What Is a Credit Card Cosigner?

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  • Written By: Eugene P.
  • Edited By: Angela B.
  • Last Modified Date: 27 August 2019
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A credit card cosigner is a person who accepts responsibility for the credit card debts that another person generates should that other person fail to make the required payments. When a credit card cosigner attaches his or her name to another person's credit card, that person is effectively accepting responsibility for all the debts accrued on that card. If the actual cardholder fails to make payments, then it becomes the duty of the cosigner to fulfill those payments. The contract to which a cosigner agrees makes him or her just as responsible for the debts as the cardholder, and can subject him or her to the same penalties — including additional fees, legal action and credit report damage — should the payments not be made.

The purpose of using a credit card cosigner is to protect the issuing bank from losing money when it gives credit cards to people who have no credit or poor credit. This system can give a person who would not normally be able to have a credit card a chance to establish or improve his or her credit rating. People who are acquiring their first credit card frequently use a credit card cosigner so they can begin to build good credit and eventually be able to secure a loan or credit card without a cosigner.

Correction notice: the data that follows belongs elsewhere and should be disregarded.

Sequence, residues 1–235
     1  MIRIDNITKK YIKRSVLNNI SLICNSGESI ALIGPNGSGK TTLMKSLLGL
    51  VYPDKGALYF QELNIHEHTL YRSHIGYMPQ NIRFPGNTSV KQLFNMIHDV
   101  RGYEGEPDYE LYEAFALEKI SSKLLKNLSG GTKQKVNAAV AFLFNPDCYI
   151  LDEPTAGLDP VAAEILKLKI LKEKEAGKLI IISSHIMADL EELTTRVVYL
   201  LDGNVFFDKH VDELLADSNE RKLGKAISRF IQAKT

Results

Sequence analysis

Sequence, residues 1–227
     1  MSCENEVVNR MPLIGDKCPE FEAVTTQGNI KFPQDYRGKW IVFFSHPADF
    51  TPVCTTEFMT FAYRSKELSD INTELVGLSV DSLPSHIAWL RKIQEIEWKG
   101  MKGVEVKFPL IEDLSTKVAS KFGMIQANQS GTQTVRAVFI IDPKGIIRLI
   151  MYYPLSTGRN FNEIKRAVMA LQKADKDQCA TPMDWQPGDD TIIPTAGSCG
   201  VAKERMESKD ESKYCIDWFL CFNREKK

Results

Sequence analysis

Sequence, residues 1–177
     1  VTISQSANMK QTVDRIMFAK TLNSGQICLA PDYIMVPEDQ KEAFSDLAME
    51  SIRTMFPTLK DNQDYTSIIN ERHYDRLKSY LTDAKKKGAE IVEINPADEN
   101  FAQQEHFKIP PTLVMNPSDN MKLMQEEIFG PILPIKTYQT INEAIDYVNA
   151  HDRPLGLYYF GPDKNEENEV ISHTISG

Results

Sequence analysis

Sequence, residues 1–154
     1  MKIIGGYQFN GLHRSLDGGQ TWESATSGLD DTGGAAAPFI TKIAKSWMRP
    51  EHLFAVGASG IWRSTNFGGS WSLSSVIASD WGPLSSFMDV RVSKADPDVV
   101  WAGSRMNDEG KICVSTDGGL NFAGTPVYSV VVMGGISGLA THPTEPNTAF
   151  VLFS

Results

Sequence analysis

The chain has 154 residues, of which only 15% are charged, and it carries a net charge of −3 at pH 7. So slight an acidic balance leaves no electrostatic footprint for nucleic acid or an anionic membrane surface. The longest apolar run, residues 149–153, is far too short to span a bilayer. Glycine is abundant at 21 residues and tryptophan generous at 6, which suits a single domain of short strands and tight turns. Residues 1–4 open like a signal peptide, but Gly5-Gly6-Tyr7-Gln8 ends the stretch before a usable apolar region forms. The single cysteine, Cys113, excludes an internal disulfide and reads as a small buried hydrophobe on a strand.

When a bank is considering a credit card cosigner, it will apply the same rules as if the cosigner was applying for the card directly. The bank looks at income, credit history and current debts, determining ability to pay. If the cosigner qualifies, then that person is allowed to cosign, or guarantee, the credit card on behalf of the card holder. Should the cosigner not qualify, then the credit card will most likely not be issued.

It can be difficult finding a credit card cosigner because of the large amount of risk and responsibility that comes with the contract. The cosigner will need to have a large amount of trust in the cardholder and the resources available to cover any debts that are not paid, something necessary to preserve his or her own good credit rating. A family member or close personal friend is most often the best option for finding a cosigner, although anyone who qualifies can be a credit card cosigner. In some instances, such as on college campuses, this has led to a practice in which some students with good credit will charge a fee to become a cosigner for a student who does not yet have established credit.


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